JEFFERSON CITY — Questions of political opportunism circulated the Senate as an overwhelmingly popular effort to halt the repayment of overpaid unemployment benefits was derailed by a last-minute substitute.

The bill, HB 1083, would require the Department of Labor to stop charging Missourians who were overpaid unemployment benefits during the pandemic. The bill had already passed the House and was well on its way to passing with bipartisan support in the Senate on Monday evening.

Then Sen. Mike Bernskoetter, R-Jefferson City, amended the bill to include a provision that would permanently shorten the length of time Missouri residents are eligible to receive unemployment benefits. Under the provision, Missouri would offer a shorter eligibility window — between 12 and 20 weeks depending on the health of the economy — than any other state in the nation.

“We took what I would consider an easy bill and injected a really contentious topic into it,” said Sen. John Rizzo, D-Independence, who proposed another amendment to take out the provision.

Senators on both sides of the issue emphasized the importance of the original legislation in helping their constituents.

Opponents argued that this bill was not the right forum to have the debate — that threatening the prospects of unambiguously important legislation with a contentious addition willfully undermined the efforts.

“We’re having two separate conversations — whether unemployment benefits should be 20 weeks, 40 weeks, eight weeks, that’s a conversation for a different day,” said Sen. Steven Roberts, D-St. Louis. “Right now, our constituents are struggling. We need to put this amendment off, and we need to focus on the original intention.”

But other senators argued that the substitute was an extension of the bill’s intent and was vitally important.

“Our economy cannot sustain what we’re doing today,” said Sen. Mike Moon, R-Ash Grove.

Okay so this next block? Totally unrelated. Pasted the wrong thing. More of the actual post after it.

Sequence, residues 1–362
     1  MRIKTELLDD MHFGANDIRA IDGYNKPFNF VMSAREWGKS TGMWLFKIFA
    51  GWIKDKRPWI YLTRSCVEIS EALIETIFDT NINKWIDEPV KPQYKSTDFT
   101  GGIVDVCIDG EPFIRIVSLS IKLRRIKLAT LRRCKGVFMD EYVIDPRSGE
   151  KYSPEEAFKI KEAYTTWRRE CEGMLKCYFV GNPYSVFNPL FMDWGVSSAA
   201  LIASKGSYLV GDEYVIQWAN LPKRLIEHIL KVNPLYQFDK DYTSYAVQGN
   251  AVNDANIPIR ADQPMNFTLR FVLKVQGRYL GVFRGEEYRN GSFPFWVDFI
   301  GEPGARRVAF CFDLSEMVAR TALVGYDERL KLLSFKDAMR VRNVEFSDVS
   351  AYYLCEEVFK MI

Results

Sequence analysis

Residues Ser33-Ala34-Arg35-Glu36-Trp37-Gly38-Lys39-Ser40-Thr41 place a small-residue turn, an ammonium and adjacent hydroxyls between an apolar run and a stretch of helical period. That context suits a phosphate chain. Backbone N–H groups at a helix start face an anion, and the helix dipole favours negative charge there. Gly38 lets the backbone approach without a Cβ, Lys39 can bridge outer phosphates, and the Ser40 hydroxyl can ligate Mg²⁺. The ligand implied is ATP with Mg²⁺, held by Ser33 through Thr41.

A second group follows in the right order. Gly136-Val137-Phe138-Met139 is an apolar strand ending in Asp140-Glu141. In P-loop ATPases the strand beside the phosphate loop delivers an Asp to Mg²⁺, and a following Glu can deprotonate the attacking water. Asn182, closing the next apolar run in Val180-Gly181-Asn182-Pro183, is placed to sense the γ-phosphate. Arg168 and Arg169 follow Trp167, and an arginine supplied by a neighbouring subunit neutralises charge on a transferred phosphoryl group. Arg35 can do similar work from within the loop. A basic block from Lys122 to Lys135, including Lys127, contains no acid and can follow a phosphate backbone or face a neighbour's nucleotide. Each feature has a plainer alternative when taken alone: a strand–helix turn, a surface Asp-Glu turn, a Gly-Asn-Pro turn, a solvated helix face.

Moon and other proponents argued that unemployment benefits are creating a disincentive for people to return to work and that the payments are stimulating inflation. While there has been discussion about how the CARES Act benefit increases and stimulus money will prompt inflation, unemployment benefits funded by the state are not traditionally understood by economists to have a direct correlation with inflation.

Some senators said that proponents were trying to levy the high investment in the legislation to move a more difficult issue forward.

“To conflate these two issues,” said Sen. Lauren Arthur, D-Kansas City, “it’s enough to make someone cynical.”

Opponents made it clear they were not willing to give in on the unemployment eligibility issue and would allow the passage of the bill to hinge on its removal.

“If we take this out ...” said Sen. Greg Razer, D-Kansas City.

“... Great bill. Best bill we’ll pass all year. It’ll fly through,” said Arthur, completing the thought.

No compromise was reached on the substitute and responding amendment, and the bill was tabled.

  • Public Life reporter, fall 2020. Studying investigative journalism. Reach me at, or in the newsroom at 882-5720

  • Mark Horvit is the state government editor. Call me at 817-726-1621 with story ideas, tips or complaints.

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